What I miss most during the pandemic is the ability to reach out and fearlessly, lovingly touch others. My youngest son David recently celebrated his 29th birthday. My husband and I spent two days preparing his favorite foods, ones which he associates with comfort, tradition and warmth. Mashed potatoes with gravy, roasted chicken with Italian plums, onions, rosemary and lemon, and a chocolate cake with raspberries and milk chocolate buttercream signaled the windfall from the harvest available at our public market and in our pantry. They marked the end of fall and the onset of winter when he was born.
David was pleased to spend his birthday with his fiancé, and with his older brother and girlfriend at our place. Nonetheless, he felt nervous about those coronavirus particles which might infect all of us. He’s a nurse working in a nursing home and COVID has loomed large in his world. So he sat huddled off in a corner of the living room. We could barely see his face; he wore a hoody and an oversized mask. Only his dark eyes peered out at us. He asked us to pack up some of the food, since he didn’t feel comfortable removing his mask in our presence. “I don’t want to take the chance of infecting you. I love you.” I just wanted to hug him. I missed putting my arms around him. I missed the sense of wellbeing that touch provides.
So where do I turn to reconnect with that sense of touch that is wise to avoid in 2020? Luckily, my husband of 39 years is a willing participant. Tethered to his computer for at least 10 hours a day preparing Zoom lectures for his college students, he welcomes the chance to hold my hand during a walk or to snuggle in with me and relax at the end of the day. We cook and eat our meals together and take pleasure in the aromas drifting through the house. Those activities take shape in a kind of cocoon and I frequently find myself looking back to the pastimes I’ve enjoyed over the years.
While sewing those masks made from delicately woven fabric as filmy as a cobweb, I felt the presence of the Jewish tailors and seamstresses who came before me in my family, and the textile workers in Hebron, who struggle to survive.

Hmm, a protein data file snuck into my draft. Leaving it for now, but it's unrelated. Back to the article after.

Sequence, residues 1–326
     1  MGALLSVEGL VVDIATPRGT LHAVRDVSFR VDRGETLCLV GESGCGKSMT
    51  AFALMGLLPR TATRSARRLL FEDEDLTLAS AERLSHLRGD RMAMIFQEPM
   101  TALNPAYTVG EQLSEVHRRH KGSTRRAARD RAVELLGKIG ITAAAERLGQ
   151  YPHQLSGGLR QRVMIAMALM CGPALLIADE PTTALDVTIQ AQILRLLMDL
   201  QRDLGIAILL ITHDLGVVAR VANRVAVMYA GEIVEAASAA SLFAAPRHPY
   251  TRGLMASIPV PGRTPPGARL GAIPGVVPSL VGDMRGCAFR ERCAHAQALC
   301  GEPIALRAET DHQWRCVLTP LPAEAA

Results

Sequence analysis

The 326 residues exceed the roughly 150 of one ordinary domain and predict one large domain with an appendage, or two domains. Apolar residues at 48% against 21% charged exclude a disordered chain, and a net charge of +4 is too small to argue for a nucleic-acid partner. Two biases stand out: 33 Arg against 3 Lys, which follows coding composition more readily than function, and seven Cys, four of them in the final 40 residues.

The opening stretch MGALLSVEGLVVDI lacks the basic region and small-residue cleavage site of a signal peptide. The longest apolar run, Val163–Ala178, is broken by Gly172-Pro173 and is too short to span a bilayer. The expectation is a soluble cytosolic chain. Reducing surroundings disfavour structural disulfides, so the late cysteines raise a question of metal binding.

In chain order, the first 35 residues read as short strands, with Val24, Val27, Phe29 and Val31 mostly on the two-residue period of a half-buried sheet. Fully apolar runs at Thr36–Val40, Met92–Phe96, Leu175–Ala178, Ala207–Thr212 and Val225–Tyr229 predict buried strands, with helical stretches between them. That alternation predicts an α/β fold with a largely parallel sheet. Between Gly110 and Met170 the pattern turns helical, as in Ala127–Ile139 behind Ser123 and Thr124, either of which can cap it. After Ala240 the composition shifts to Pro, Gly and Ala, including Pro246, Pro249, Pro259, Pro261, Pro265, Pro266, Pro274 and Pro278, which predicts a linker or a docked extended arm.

Weaving tapestries on a loom, sewing patchwork quilts and making fabric collages have always brought me joy and helped me to engage in thinking with my eyes and my hands. These works belong to my personal side; they are never for sale, although I’ve given them to family, friends, and acquaintances who seem drawn to them. It’s about the touch, the texture, the tangible which I find so delightful, particularly now that the pandemic has shut down our ability to touch one another.
When the pandemic first felt real in our hometown of Rochester, NY I used up my fabrics to sew and give away 500 masks. I put out a call for free masks on an online site called Nextdoor. Calling my venture “Mask-R-Aid,” I’d take orders, promise them on particular days, sew them up, include washing instructions and deliver them in plastic baggies to front doors, apartment lobbies or mailboxes. It was exhilarating to be productive instead of fretting and awaiting more bad news about the pandemic. Those masks took me all around the city and the suburbs; some people peeped their heads outside to say hello and thanks, others returned the favor by supplying me with elastic, fabric remnants and thread. Once a bouquet of fresh flowers showed up at my doorstep. Another time I discovered tiny bottles of olive oil in my mailbox.
I spoke about the Mask-R-Aid project with my friend Bshara, who had recently opened the Museum of the Palestinian People in Washington DC. The pandemic had made the Museum’s beginnings precarious. It had also brought my grant-writing work in support of the museum to a halt. Bshara asked me if I would be willing to donate my time and sew masks from keffiyehs in Palestine. The masks would be sold to support both the Museum and the keffiyeh industry. He sent me yards of fabric from the Herbawi Textile Factory in Hebron, which is the only remaining keffiyeh factory in Palestine. While sewing those masks made from delicately woven fabric as filmy as a cobweb, I felt the presence of the Jewish tailors and seamstresses who came before me in my family, and the textile workers in Hebron, who struggle to survive. A painting of a Jewish tailor hovering over his sewing machine hangs on the wall next to my sewing machine. He’s absorbed in his work as I am in mine. Touching the fabric and stitching it into a mask brings comfort, healing, protection and a satisfying sense of togetherness, even in times of social distancing.
Photograph by Adam Eaton
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